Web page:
How to Stay Motivated as You Learn to Code (S5E4)

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How to stay motivated while learning to code: it’s a struggle that even the most passionate programmers have faced at some point.

If you’ve noticed a lack of motivation in your own journey, you are far from alone. Coding motivation waxes and wanes for many people, and it’s fine to take a day off now and then. But if you’re noticing you have no motivation to code for weeks or even months, that means it’s time to get intentional about figuring out why…and start fighting back.

Claudia VirlanutaThis is such a common issue that I’m so grateful for Claudia Virlanuta coming on the podcast for a dedicated episode! Claudia is a former data scientist and the CEO of Edlitera, a platform featuring live, instructor-led courses for programming, analytics, and data science. After coaching and mentoring dozens of aspiring techies, she is well acquainted with how to handle programmer motivation and focus.

In this episode, Claudia shares how to get and stay motivated, how to stay focused while studying, and how to actively nurture your intrinsic motivation.

Read more below about the common obstacles that cause a lack of motivation and the ways to stay motivated through them!

Disclosure: I’m a proud affiliate for some of the resources mentioned in this article. If you buy a product through my links on this page, I may get a small commission for referring you. Thanks!

5 Common Reasons to Lose Programming Motivation

Here are some of the most common obstacles Claudia sees causing a lack of motivation in your programming journey.

1. Time

“Time’s a big one,” says Claudia. “Not finding the time to practice to learn a new skill consistently, not building a routine around it, you know, like, same time, same place to do your practice.”

While you can’t create more hours in a day, you can usually maximize the hours you have. For instance, hear how Michael Tombor finds time to learn to code alongside a full-time job and family.

2. Assuming learning to code will be easy

“Another thing, especially when it comes to learning tech skills and learning to code in particular, is assuming that it's easy,” says Claudia. “Though it does get easier with time. I understand that it's hard not to believe the marketing. There are so many companies that tell us that learning to code is easy and it should be a walk in the park, which may be true in the very beginning when you first start learning. But it doesn't continue that way. Especially when you're already an adult and you're trying to learn it for the first time, you quickly realize that it's not really that easy.”

Difficulty Coding

However, if you understand and embrace the challenge, you’ll be a lot harder to discourage. “I think just coming into it with a mindset that it's going to be a challenge and that it's going to be a struggle will help a lot.”

3. The way it’s taught sometimes

Claudia notes that sometimes teaching materials pull a bait and switch in accessibility too. “The other thing that I think is feeding into this problem is the fact that programming is taught in schools and online courses in a way that really discourages people from keeping with it. So if you go to a local college or take a programming course, you'll think in the first lecture or two that you'll have a fairly easy time keeping up with the material. And then by lecture three or so there's a huge drop in how approachable the material is. And that's really a problem, because people don't have the tools to get ready for that kind of progression.”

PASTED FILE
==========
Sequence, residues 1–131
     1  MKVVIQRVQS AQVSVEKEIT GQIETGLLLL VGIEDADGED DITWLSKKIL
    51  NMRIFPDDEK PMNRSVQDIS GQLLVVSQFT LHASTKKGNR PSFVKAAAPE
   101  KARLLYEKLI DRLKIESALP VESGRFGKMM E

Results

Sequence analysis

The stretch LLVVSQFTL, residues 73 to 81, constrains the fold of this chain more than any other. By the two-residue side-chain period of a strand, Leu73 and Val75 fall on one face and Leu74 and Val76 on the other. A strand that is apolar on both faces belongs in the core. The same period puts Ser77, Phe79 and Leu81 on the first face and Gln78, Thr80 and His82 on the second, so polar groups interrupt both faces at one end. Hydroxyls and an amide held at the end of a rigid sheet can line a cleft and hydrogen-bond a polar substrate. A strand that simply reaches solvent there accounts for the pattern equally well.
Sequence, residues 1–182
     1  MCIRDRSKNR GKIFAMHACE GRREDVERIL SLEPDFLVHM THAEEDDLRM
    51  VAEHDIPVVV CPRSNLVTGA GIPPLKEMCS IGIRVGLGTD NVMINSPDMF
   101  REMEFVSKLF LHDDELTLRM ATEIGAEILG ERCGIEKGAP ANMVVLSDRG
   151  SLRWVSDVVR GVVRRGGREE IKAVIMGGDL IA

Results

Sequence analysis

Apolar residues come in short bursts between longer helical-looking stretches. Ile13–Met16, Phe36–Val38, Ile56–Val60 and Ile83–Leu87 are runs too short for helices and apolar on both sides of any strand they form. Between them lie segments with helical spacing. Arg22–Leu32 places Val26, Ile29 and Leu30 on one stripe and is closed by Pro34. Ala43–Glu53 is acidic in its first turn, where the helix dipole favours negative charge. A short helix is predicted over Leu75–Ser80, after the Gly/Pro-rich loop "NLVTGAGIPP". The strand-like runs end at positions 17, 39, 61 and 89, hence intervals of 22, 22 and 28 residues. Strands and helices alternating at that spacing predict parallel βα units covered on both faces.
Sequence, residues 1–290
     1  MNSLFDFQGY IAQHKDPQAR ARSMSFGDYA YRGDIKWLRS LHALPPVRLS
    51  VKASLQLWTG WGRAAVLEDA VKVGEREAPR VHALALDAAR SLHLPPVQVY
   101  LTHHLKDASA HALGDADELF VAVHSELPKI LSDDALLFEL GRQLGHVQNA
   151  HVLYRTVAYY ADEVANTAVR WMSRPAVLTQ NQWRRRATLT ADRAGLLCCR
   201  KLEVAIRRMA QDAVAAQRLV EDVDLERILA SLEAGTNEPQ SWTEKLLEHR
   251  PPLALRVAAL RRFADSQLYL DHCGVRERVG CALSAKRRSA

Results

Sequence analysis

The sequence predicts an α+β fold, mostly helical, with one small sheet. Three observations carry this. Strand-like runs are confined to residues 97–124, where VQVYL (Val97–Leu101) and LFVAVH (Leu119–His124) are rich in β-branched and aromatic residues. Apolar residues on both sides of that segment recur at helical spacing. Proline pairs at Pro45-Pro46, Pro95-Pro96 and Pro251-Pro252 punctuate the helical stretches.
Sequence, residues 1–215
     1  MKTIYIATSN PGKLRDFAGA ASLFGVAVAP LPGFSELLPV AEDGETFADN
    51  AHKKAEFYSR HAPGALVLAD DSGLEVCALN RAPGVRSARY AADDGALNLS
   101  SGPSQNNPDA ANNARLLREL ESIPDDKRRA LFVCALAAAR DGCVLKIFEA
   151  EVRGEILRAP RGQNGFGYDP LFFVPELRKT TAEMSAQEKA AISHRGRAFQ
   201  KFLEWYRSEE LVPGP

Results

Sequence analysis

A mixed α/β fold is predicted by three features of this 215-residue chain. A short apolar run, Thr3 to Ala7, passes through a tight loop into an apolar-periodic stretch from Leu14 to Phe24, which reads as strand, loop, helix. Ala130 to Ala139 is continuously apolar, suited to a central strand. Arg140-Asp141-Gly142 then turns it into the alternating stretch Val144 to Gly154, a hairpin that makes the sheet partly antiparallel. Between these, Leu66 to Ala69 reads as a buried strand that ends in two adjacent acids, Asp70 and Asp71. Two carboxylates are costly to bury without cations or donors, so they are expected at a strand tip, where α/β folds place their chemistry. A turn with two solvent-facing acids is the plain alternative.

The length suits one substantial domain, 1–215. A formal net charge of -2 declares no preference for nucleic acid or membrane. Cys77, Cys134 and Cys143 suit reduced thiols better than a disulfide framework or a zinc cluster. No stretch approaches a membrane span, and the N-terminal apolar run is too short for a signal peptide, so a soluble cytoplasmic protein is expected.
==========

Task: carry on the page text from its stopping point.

The best way to get past this is to find resources that take it gradually instead of dropping complicated concepts on you too soon. There are lots of free resources you can start with.

4. It becomes difficult to find resources after you first start

While those resources above are a great starting point, where do you look when you’re beyond a beginner level?

“You get a lot of resources in the very beginning, when you first start programming,” Claudia says. “There's a lot of stuff online that's free or a very low cost for learning the syntax and things like that. But then when you're moving from beginner to intermediate then beyond, the amount of resources that you find, and how easy it is to find them goes down significantly.”

Often, it’s the case that people with more advanced knowledge are less able to dedicate the time into giving information away for free or very cheap. When you start reaching those upper levels, expect to transition to paid resources (check out these platforms).


Another factor, Claudia says, is that sometimes people simply don’t know what specific kinds of resources to look for. “When people are moving from beginner stage to intermediate stage, they just don't know what to search for when they're tackling a problem. If you know what your Google query should be when related to the problem that you're trying to solve, you should be able to find something. But if you don't know what to search for, that's a big problem.”

David Clinton talked about the importance of just knowing the right questions to ask and how to phrase those questions. In Google, just being able to put your question into the right words is an accomplishment.

5. Imposter syndrome

Imposter syndrome is a term for feeling like you don’t belong or are “faking it.”

“You assume there are only a chosen few out there who can learn programming,” says Claudia (and you don’t believe you’re one of them).

In reality, everyone is faking it to some degree, until they realize one day that they’re not. It’s normal to feel that way, but “fake it til you make it” is actually pretty good advice.

5 Ways to Stay Motivated While Learning to Code

Beyond addressing those obstacles, Claudia has plenty of advice for how to stay motivated. Developing and maintaining coding motivation takes some work at first, but these steps will save you a lot of trouble later.

1. Have a goal (but start small)